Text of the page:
As with his previous five post-Pavement records, Wig Out at Jagbags is a scrabbling curiosity of Stephen Malkmus’ indie-statesman mind, noodle fuzzing on and on with The Jicks crew like 1994 and 2014 are accessible through some secret Portland ‘hood. It jumps from sentimental clarity to madcap poetry at random, citing “we grew up listening to the music from the best decade ever” on the front end (“Lariat”) and building a modern-day shanghai narrative around “Cinnamon and Lesbians” on the back end. It appears the dude could give an everything flying fuck about serious rock, if that sentence made sense.
Not that Wig Out at Jagbags is a 42-minute indie-rock joke. But Malkmus is, is what Malkmus does, and not making sense is a thing of David Byrne lineage that has spawned most of the greatness of his career. And why slow-cruising Jimi-blues jams like its centerpiece, “Independence Street,” may not make sense at first listen, but is an allegory for making sense of everything, at least in the world according to Malkmus, where “indie” is not just a qualifier for cool:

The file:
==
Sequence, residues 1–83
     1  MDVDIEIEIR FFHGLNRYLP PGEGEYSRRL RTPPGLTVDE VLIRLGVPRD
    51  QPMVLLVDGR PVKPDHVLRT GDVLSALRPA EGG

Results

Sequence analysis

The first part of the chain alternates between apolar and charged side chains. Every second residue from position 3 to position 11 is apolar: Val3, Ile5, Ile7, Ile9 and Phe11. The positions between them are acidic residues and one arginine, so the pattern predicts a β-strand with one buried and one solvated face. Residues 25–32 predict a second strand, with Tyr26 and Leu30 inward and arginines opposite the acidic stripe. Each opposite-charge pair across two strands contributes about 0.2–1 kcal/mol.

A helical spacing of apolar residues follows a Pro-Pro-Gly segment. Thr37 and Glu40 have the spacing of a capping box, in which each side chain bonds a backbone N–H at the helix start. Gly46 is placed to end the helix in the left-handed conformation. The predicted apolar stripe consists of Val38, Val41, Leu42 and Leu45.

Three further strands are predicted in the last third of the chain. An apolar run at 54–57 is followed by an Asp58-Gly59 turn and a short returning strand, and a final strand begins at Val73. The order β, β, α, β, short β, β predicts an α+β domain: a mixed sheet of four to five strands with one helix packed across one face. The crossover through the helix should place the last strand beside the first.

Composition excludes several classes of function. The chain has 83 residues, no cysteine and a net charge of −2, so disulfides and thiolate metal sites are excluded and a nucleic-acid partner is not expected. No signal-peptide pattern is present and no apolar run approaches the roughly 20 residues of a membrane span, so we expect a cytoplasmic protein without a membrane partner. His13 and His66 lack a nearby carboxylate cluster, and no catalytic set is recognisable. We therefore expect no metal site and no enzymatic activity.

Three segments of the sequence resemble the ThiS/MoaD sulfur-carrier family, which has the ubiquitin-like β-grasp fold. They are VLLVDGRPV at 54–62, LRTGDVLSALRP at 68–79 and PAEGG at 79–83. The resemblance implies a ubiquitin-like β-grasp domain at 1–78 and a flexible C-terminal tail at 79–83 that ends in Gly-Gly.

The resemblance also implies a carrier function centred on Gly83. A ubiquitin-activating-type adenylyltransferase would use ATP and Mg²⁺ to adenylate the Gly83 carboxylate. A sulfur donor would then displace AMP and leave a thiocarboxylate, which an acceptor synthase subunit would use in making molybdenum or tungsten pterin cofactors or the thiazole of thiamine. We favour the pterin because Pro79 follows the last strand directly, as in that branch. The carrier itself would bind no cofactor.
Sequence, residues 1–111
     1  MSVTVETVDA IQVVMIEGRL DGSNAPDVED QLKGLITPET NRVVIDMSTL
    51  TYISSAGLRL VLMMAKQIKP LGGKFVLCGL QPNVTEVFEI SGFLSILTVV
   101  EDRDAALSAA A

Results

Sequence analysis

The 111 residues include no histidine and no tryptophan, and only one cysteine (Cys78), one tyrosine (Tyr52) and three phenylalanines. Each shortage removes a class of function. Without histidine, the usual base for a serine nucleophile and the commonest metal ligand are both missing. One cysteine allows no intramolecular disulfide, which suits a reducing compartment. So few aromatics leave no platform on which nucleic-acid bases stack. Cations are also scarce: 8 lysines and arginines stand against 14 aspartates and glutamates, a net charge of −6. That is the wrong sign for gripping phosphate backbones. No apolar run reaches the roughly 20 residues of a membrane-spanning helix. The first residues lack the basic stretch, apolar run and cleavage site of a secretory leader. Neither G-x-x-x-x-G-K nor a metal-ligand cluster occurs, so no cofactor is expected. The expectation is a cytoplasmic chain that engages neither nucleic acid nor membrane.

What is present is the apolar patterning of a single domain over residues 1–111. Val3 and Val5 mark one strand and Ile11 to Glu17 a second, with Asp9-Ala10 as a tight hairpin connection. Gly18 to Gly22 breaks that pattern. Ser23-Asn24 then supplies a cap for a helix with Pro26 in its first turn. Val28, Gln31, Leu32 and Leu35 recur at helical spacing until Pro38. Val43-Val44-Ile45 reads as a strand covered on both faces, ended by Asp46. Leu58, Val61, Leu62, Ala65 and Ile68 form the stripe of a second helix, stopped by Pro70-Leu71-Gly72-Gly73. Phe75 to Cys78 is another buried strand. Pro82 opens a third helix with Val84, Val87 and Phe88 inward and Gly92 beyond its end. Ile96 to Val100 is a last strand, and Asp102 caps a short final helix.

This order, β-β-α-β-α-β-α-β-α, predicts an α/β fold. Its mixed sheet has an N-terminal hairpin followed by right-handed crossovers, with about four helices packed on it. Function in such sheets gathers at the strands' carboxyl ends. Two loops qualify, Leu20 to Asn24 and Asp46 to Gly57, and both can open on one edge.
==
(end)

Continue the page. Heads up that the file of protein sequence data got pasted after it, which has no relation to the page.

It’s hard to tell what was on the 47-year-old’s mind during the making of the record, aside from a move to Berlin and a string of non-sequitors that came with a press release, including but not limited to “UVA in the late 80’s, “Sic Alps” and “home life in the 2010’s.” Perhaps he’s finally getting angry at the scene that’s spawned him? “No one has changed and no one ever will,” he croons on quirky thrasher “Rumble at the Rainbo,” the setting a “punk rock tomb.” Why else would you want to wig out at something or someone called a jagbag? Either way, he and the Jicks are are still having fun playing Scrabble jam: